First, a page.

What does he mean when he says, eyes of your heart? When you were born God, gave you five senses—hearing, taste, touch, smell and sight. Everything you learn in life comes through the five senses. If you don’t have those, you don’t experience anything. That’s when you’re physically born.

When you’re spiritually born again, when you are reborn into God’s family, when you develop a relationship with Jesus Christ, God gives you a second set of senses and suddenly you get spiritual ears to hear some things that you never heard before. And you get spiritual eyes and you start to see some things about life you didn’t see before. And you begin to feel some things that you didn’t feel before. These are the eyes of your heart, the spiritual senses.

So how do I get these senses? How do I get the eyes of my heart opened? You must begin a relationship with Jesus Christ. That’s the starting point. Until you begin that relationship, you’re spiritually blind.  You can only see things from a human viewpoint. The Bible says in 1 Corinthians 2:14 (NIV) “The man without the Spirit does not accept the things that come from the Spirit of God, for they are foolishness to him, and he cannot understand them, because they are spiritually discerned.” That’s why Jesus says in John 3:3 (NIV) “I tell you the truth, no one can see the Kingdom of God unless he is born again.”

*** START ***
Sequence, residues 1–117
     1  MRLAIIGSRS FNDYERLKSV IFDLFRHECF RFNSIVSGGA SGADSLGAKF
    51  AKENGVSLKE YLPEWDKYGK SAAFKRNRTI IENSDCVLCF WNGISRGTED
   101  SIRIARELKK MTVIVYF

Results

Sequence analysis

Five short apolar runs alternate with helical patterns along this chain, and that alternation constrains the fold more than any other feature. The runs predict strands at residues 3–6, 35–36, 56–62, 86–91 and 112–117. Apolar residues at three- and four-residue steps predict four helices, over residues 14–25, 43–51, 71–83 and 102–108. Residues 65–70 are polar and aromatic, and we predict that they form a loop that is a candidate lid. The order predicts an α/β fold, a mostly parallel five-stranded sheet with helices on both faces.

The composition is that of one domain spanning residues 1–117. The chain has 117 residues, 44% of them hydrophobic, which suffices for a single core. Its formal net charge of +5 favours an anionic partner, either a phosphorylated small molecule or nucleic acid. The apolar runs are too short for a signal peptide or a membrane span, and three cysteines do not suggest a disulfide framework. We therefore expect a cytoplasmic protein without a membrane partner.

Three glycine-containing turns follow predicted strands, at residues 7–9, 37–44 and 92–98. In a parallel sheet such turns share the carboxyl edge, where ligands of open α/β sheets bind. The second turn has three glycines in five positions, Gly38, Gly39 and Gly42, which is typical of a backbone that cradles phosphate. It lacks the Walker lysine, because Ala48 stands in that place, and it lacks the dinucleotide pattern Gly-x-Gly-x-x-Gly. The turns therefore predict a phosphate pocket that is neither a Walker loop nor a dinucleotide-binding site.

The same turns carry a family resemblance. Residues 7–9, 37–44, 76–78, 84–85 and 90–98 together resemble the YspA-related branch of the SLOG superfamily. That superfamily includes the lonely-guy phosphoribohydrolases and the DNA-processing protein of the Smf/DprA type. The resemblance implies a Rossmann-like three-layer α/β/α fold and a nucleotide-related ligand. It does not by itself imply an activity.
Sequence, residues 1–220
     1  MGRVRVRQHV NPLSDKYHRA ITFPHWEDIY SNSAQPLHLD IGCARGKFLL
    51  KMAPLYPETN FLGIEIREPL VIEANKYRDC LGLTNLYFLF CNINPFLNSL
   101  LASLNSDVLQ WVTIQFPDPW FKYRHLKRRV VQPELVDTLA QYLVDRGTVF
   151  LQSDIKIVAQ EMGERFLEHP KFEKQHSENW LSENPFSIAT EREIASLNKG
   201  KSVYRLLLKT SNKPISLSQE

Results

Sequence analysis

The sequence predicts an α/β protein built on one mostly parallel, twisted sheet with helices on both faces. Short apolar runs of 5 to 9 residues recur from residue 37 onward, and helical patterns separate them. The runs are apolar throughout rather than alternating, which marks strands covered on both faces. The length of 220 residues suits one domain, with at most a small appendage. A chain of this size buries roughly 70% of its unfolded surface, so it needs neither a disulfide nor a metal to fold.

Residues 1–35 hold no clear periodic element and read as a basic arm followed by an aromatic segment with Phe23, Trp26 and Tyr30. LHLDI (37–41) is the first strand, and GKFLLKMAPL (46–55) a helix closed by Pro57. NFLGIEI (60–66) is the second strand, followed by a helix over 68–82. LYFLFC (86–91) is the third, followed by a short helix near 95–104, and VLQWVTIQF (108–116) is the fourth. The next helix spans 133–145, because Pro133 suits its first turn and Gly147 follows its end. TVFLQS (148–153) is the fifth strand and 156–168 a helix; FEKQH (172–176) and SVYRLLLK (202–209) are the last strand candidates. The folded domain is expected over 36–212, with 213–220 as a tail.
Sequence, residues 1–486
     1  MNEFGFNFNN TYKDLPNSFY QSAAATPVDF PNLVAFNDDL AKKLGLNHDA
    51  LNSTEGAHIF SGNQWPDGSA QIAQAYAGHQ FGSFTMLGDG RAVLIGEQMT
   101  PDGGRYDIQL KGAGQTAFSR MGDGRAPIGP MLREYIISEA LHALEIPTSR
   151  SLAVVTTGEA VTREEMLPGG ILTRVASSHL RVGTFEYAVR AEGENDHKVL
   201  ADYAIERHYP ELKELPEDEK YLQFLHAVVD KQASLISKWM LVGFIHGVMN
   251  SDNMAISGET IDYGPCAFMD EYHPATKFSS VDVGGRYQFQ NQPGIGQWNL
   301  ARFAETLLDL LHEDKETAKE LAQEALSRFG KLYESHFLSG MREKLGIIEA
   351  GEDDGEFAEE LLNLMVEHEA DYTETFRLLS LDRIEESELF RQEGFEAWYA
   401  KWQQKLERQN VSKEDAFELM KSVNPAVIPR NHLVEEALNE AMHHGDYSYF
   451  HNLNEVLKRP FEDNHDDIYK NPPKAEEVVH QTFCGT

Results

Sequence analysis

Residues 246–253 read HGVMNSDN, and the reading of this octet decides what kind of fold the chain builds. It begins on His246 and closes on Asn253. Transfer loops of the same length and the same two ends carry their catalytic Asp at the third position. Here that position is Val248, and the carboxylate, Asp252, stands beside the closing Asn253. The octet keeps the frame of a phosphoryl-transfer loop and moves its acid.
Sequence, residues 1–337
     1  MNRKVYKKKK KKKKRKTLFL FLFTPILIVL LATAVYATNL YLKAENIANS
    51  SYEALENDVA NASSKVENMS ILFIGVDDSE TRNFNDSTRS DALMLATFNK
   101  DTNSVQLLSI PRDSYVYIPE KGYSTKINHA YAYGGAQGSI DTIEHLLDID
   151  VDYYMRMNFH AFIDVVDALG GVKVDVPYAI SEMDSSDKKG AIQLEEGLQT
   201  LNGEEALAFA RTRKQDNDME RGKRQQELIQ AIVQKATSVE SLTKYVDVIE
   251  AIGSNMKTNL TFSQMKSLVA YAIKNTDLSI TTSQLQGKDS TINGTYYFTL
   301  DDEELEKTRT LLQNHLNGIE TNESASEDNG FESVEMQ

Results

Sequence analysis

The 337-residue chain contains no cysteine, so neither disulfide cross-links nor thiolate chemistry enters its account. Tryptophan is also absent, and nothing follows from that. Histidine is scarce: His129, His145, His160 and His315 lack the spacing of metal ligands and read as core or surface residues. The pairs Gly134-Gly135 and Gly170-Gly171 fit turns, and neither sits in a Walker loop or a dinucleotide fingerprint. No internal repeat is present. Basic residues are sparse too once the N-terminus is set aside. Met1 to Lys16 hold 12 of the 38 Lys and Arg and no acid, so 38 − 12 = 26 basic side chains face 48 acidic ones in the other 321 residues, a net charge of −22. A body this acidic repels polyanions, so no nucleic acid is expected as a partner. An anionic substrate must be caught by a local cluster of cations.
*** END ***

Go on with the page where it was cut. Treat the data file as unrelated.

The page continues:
You can be born again and begin a relationship with Christ today by asking God in faith to open your eyes. Pray the prayer that Bartimaeus prayed, “Jesus, I want to see!” If you do, you will begin to see life more clearly than you ever have before.